15. What are you doing for exercise?
I try to exercise at least 20 or 30 minutes daily, but nature walks have been my favourite form of exercise lately.
16. The one thing you haven’t been able to live without?
I haven’t been able to live without Pinterest. I enjoy making Pinterest boards when I have ideas for visuals or songs, and I compile images to represent the feel I’m going for in a song.
17. Do-it-yourself haircut or the natural look?
18. Night owl or early riser?
Night owl all the way.
19. Will you be the first out as restrictions are gradually lifted or taking a wait-and-see attitude?
A bit of both. I’ve been excited to see that restaurants are opening back, and I’ll occasionally go with a small group of friends, but I’m also enjoying the quiet of there being fewer things to do and places to go to.
20. What’s the first thing you will do when this is all over?
The first thing I’ll do is go on a little trip with my close friends, we had planned to go on a road trip this summer, but the pandemic postponed those plans. I am excited to get back out there and live life again!
This award-winning Halifax singer, songwriter, a producer is taking the East Coast music scene by a storm. Zamani made her foray into solo performing at a church benefit concert. Following that, her reputation soared after being praised by the late Sharon Jones (Sharon Jones and the Dapp Kings) when the legendary soul singer saw Zamani perform with her father at the Halifax TD Jazz Festival.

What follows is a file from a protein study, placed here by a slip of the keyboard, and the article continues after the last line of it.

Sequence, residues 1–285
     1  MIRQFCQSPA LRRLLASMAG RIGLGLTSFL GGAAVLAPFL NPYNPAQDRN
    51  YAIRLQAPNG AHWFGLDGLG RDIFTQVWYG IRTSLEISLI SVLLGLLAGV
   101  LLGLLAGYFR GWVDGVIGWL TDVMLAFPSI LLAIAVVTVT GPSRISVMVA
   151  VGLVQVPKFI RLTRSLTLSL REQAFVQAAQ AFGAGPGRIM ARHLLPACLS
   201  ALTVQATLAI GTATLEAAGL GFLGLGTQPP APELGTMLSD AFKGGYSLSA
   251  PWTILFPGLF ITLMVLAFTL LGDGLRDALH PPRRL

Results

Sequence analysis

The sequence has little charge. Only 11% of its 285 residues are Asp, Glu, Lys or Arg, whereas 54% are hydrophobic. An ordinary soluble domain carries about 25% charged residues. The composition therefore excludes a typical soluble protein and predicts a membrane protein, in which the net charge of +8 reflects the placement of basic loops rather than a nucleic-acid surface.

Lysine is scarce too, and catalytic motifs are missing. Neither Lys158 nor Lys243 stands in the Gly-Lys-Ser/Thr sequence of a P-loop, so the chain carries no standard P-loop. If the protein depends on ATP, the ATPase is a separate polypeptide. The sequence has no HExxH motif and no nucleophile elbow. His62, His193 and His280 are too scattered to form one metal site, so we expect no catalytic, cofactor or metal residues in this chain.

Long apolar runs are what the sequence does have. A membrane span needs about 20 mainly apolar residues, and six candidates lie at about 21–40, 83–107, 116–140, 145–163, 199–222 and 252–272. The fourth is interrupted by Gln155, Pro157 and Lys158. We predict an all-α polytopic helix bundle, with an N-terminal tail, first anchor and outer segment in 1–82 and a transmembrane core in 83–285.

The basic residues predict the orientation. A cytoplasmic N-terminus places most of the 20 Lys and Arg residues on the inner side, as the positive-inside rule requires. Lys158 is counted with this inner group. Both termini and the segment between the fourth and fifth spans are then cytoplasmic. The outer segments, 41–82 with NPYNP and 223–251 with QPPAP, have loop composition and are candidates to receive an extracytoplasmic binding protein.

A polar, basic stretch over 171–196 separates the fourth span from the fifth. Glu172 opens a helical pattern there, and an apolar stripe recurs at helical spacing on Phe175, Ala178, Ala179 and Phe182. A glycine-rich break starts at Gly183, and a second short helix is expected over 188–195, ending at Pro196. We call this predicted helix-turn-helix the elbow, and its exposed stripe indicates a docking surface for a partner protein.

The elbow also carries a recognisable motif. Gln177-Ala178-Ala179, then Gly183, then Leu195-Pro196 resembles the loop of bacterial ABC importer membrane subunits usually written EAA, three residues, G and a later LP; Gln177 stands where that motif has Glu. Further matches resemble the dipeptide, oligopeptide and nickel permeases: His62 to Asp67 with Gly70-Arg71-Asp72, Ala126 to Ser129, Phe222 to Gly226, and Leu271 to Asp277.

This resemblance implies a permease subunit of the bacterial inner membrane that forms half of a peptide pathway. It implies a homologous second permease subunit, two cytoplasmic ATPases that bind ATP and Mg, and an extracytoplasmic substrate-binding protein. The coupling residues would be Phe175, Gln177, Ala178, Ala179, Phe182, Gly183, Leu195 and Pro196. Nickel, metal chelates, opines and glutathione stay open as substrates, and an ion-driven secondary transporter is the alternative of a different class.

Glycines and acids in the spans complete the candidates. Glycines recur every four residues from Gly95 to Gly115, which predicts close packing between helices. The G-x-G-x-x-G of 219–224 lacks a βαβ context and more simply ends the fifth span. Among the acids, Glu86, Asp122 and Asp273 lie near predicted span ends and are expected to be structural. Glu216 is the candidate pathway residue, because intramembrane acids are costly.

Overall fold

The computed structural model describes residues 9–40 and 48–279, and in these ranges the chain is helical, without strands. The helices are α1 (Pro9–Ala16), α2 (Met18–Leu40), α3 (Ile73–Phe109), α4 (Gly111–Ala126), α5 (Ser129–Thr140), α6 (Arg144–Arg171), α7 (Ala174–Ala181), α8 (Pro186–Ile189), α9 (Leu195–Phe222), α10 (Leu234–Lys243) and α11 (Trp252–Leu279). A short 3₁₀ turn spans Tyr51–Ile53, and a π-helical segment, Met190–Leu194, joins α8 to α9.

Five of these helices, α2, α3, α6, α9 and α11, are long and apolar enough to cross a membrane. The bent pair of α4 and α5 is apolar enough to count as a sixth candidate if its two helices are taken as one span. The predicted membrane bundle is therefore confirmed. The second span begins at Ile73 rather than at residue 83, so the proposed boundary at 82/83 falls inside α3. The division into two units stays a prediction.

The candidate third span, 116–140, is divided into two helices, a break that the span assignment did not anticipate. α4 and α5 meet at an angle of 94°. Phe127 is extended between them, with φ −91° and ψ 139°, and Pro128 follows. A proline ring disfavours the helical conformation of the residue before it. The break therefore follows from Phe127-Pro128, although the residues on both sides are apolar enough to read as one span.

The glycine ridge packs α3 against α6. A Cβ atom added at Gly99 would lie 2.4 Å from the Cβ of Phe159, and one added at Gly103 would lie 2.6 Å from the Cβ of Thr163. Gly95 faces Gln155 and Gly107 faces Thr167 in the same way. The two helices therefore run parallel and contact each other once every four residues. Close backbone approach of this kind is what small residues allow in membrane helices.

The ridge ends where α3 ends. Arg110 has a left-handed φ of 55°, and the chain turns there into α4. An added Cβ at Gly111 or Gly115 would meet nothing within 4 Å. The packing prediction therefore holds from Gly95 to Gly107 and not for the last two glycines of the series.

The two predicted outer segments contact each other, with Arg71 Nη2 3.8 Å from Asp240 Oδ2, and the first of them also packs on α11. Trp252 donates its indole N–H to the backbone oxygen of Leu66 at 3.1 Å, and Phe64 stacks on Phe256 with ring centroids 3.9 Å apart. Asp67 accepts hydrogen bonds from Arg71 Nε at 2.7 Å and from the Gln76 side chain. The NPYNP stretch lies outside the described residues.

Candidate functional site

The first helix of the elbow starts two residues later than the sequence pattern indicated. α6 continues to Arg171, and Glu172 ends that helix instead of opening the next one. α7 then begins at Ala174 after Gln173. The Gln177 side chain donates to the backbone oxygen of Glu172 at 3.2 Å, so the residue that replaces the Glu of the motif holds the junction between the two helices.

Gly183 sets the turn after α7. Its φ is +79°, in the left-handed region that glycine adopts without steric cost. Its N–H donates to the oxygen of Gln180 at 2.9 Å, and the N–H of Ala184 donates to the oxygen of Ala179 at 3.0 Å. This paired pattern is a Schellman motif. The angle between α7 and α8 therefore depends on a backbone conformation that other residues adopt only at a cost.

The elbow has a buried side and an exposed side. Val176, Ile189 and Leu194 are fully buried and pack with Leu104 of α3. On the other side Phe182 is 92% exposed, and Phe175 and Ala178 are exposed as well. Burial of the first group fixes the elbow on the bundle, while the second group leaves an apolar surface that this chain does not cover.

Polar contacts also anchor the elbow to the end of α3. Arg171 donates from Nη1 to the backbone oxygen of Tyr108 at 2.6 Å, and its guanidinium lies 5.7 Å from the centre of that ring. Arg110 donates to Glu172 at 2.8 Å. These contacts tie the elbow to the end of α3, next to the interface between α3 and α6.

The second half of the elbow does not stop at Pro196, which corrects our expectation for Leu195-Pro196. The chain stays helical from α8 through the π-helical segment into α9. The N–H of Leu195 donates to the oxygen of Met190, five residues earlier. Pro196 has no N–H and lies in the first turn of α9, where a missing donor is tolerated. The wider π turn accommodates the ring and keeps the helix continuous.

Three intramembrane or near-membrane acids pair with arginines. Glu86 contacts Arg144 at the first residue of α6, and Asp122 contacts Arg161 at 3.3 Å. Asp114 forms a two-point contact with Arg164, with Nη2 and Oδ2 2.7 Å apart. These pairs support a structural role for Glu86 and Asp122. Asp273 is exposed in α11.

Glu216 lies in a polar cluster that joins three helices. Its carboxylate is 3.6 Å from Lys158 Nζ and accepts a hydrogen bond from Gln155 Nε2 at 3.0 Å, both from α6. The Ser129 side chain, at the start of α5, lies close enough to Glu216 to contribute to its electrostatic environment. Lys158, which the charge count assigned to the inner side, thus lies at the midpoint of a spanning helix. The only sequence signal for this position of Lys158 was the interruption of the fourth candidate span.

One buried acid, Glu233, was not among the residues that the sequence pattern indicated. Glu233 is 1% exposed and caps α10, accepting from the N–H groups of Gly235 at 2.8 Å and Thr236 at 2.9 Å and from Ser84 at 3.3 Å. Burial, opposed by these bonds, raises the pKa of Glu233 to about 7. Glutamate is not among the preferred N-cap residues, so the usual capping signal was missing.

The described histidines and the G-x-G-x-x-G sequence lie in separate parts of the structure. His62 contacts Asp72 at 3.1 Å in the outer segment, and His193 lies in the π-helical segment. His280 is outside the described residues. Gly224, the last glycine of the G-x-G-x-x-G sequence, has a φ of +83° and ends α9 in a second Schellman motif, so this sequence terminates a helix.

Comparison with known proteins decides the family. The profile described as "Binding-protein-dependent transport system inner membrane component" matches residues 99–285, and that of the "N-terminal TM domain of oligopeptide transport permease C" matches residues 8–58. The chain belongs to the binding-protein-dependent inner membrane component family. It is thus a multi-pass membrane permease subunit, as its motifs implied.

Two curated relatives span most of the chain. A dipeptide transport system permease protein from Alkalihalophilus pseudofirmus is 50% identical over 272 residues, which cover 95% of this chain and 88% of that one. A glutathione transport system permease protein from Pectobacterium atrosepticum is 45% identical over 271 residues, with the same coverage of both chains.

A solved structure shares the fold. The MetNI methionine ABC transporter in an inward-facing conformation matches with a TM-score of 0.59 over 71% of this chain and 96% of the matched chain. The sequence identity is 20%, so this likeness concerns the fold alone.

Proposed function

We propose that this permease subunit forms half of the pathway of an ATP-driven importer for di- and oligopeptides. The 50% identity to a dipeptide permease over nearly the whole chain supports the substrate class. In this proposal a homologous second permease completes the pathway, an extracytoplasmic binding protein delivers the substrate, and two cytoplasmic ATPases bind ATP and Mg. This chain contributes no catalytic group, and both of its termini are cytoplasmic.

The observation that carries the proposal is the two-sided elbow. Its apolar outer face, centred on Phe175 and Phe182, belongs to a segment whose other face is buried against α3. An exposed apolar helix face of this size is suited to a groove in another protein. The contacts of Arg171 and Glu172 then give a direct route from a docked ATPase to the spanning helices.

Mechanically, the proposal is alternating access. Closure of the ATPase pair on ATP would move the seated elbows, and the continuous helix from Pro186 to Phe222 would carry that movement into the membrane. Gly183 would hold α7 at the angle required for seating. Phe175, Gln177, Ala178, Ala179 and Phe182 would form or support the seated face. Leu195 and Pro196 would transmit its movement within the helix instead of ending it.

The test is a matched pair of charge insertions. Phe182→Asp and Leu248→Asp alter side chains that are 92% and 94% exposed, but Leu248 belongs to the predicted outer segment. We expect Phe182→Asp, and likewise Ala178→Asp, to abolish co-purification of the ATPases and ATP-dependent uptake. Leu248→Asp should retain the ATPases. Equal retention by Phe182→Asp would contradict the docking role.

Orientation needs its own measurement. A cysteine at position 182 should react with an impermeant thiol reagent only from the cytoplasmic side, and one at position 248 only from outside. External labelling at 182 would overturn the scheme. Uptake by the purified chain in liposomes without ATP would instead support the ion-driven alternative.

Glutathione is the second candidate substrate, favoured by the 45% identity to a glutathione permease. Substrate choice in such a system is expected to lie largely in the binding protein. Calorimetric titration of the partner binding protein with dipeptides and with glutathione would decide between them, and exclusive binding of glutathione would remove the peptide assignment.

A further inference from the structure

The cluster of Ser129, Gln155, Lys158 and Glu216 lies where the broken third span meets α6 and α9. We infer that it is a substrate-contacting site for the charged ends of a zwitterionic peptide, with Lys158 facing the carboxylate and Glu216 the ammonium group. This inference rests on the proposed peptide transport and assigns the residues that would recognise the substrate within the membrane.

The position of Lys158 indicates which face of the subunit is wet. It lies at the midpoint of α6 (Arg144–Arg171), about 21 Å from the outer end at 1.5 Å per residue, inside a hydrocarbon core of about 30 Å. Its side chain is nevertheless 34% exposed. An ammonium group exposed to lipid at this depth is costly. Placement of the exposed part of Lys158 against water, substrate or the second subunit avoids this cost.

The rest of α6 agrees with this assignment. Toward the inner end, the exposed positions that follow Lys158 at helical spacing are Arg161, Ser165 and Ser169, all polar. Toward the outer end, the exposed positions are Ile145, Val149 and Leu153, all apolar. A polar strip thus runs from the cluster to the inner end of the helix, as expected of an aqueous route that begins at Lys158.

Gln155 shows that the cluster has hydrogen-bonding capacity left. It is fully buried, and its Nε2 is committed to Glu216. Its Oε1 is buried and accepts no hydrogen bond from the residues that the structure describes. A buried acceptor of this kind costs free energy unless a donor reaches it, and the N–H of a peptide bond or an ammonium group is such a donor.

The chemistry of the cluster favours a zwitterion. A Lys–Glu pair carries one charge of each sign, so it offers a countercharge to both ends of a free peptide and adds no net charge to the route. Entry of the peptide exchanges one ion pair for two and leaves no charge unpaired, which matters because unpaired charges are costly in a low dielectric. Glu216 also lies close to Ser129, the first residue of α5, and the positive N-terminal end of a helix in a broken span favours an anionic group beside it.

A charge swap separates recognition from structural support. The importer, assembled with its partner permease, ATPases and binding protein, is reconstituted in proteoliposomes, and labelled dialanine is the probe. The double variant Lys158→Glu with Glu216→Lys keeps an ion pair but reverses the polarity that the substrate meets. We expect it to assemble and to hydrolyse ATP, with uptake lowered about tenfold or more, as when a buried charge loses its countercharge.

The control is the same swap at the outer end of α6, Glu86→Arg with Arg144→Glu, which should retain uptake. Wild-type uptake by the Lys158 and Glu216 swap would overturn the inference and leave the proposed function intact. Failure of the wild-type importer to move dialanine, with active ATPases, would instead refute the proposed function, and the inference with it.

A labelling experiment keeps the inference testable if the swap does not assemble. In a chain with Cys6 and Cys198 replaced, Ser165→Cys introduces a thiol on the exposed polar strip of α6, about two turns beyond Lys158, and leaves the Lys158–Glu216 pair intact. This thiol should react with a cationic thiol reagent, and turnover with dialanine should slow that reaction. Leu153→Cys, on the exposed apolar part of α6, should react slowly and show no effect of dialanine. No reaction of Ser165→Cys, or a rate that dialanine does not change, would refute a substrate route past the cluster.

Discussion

Folding inspiration from divas past and present such as Ella Fitzgerald, Natalie Cole, India Arie, Jill Scott, Eyrika Badu, and Beyonce, Zamani has found a voice all her own as she skillfully delivers a unique brand of R&B, soul, urban jazz and pop compositions exploring themes of amour propre, Black identity and love relationships.
Zamani has performed at world-class events in Europe, the US and the Caribbean. In 2019 Zamani performed at New Skool Rules Festival in Rotterdam; opened for R&B veterans Maya and Genuwine and Pop legends UB40, at the St. Lucia Roots and Soul Festival; and ended the year performing to an audience of more than 5,000 at the annual Boston Tree Lighting Concert.
Zamani’s local performance credits include everything from The East Coast Music Awards, Nova Scotia Music Week, Halifax Pop Explosion, to The TD Jazz Festival.
In addition to attending the prestigious Gordie Sampson Song Camp, Zamani has collaborated with East Coast favourites such as T. Thomason, Ria Mae, and Port Cities. She has studied jazz performance with Jeff Goodspeed and performed with renowned Canadian classical pianist Daniel Wnukowski.
She has appeared on local and regional CBC Radio, Global TV, and CTV; and has been featured in the Boston Globe, Trinidad Guardian, Halifax Coast Magazine and named a rising star in the Dalhousie University Student Gazette.
In 2018 Zamani received ANSMA’s Portia White Youth Music Award and the Jeri Brown Jongleur Youth Arts Award. In 2019 she won ANSMA’s Emerging Artist Award, and in July 2019, Zamani won the prestigious Halifax TD International Jazz Festival Stingray Rising Star Award. In September 2019, Zamani received the Atlantic Film Festival Award (FIN) for Best Atlantic Original Score, and in February 2020, Zamani won the ANSMA Rising Star Award.
With performance videos released to YouTube (Outside, Switchin Lanes, Lush Life), songwriting collaborations in progress with artists in Montreal and Washington DC, and plans in motion to release a debut recording and video in 2020, Zamani continues to catch the attention of music industry influencers and is on track to putting Nova Scotian songwriting and musical excellence on the international stage.